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If you want to know what makes a Canadian lynx a Canadian lynx a team of DNA sequencers has figured that out.
- A team at UMass Amherst recently sequenced the genome of the Canadian lynx.
- It's part of a project intending to sequence the genome of every vertebrate in the world.
- Conservationists interested in the Canadian lynx have a new tool to work with.
If you want to know what makes a Canadian lynx a Canadian lynx, I can now—as of this month—point you directly to the DNA of a Canadian lynx, and say, "That's what makes a lynx a lynx." The genome was sequenced by a team at UMass Amherst, and it's one of 15 animals whose genomes have been sequenced by the Vertebrate Genomes Project, whose stated goal is to sequence the genome of all 66,000 vertebrate species in the world.
Sequencing the genome of a particular species of an animal is important in terms of preserving genetic diversity. Future generations don't necessarily have to worry about our memory of the Canadian Lynx warping the way hearsay warped perception a long time ago.
Artwork: Guillaume le Clerc / Wikimedia Commons
13th-century fantastical depiction of an elephant.
It is easy to see how one can look at 66,000 genomic sequences stored away as being the analogous equivalent of the Svalbard Global Seed Vault. It is a potential tool for future conservationists.
But what are the practicalities of sequencing the genome of a lynx beyond engaging with broad bioethical questions? As the animal's habitat shrinks and Earth warms, the Canadian lynx is demonstrating less genetic diversity. Cross-breeding with bobcats in some portions of the lynx's habitat also represents a challenge to the lynx's genetic makeup. The two themselves are also linked: warming climates could drive Canadian lynxes to cross-breed with bobcats.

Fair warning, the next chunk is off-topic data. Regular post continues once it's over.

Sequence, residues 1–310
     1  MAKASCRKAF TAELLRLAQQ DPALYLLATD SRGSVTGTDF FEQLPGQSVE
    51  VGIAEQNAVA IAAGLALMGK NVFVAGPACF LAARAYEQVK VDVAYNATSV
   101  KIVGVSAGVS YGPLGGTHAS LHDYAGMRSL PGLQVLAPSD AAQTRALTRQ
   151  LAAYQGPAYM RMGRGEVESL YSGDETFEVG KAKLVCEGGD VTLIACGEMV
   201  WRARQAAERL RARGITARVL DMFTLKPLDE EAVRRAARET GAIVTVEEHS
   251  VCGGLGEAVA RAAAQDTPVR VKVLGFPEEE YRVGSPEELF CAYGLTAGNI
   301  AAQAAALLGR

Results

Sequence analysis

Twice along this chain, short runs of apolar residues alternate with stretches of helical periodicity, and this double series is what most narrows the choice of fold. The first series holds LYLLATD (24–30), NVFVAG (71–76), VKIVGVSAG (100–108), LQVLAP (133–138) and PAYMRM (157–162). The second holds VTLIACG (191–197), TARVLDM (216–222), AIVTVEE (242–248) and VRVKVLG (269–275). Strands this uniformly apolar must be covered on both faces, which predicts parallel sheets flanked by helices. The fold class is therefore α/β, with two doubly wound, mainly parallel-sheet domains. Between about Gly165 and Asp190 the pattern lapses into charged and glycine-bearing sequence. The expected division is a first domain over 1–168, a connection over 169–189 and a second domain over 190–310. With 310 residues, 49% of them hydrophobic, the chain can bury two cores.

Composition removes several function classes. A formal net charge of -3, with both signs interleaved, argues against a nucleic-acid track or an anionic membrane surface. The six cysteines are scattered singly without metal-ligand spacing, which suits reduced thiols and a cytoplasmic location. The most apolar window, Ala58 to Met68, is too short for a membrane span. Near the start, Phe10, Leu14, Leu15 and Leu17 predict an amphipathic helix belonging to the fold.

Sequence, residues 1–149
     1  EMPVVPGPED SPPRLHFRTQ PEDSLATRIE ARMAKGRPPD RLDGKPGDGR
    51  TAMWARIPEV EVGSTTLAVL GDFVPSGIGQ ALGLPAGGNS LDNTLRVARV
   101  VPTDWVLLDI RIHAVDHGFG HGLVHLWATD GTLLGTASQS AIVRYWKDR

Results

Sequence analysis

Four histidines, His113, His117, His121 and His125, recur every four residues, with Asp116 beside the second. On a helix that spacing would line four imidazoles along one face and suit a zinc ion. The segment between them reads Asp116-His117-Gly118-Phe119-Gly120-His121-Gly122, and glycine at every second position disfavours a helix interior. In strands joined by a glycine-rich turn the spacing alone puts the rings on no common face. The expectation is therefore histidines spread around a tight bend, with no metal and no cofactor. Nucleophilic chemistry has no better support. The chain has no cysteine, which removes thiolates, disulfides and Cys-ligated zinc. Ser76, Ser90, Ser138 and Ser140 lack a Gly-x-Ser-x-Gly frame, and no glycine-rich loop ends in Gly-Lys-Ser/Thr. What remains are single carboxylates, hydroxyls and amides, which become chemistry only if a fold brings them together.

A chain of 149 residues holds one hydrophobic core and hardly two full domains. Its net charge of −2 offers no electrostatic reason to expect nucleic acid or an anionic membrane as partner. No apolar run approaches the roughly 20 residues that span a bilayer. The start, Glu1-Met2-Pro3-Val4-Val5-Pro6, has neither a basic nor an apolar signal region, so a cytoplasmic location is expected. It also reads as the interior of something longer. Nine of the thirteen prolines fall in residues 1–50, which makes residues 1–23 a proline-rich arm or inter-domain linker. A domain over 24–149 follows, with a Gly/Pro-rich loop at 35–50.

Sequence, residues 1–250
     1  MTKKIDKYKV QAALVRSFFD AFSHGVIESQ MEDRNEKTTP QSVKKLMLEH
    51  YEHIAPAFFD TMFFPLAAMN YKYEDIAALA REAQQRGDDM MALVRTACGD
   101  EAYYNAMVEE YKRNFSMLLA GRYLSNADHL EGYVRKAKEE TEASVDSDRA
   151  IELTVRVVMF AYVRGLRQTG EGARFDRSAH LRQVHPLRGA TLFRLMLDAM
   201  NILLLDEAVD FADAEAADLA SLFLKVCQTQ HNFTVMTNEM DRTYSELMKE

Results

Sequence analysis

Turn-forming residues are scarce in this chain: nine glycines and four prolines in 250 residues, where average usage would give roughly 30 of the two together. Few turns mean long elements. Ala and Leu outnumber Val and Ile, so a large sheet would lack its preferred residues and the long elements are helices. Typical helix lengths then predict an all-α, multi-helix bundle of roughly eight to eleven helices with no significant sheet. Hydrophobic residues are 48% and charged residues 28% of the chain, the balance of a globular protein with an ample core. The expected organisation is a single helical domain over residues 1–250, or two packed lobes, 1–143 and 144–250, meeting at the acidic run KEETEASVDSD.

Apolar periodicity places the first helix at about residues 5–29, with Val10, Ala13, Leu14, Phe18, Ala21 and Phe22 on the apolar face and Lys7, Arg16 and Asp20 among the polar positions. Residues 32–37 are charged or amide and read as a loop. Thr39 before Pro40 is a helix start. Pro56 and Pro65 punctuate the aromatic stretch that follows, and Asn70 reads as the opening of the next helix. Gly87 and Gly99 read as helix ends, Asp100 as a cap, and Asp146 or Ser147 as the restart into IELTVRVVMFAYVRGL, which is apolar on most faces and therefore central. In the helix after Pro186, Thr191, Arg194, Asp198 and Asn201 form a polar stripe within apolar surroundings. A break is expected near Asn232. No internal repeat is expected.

John Organ, chief of the U.S. Geological Survey's Cooperative Fish and Wildlife units, said to MassLive that the results of the sequencing "can help us look at land conservation strategies to help maintain lynx on the landscape."
What does DNA have to do with land conservation strategies? Consider the fact that the food found in a landscape, the toxins found in a landscape, or the exposure to drugs can have an impact on genetic activity. That potential change can be transmitted down the generative line. If you know exactly how a lynx's DNA is impacted by something, then the environment they occupy can be fine-tuned to meet the needs of the lynx and any other creature that happens to inhabit that particular portion of the earth.
Given that the Trump administration is considering withdrawing protection for the Canadian lynx, a move that caught scientists by surprise, it is worth having as much information on hand as possible for those who have an interest in preserving the health of this creature—all the way down to the building blocks of a lynx's life.
The exploding popularity of the keto diet puts a less used veggie into the spotlight.
- The cauliflower is a vegetable of choice if you're on the keto diet.
- The plant is low in carbs and can replace potatoes, rice and pasta.
- It can be eaten both raw and cooked for different benefits.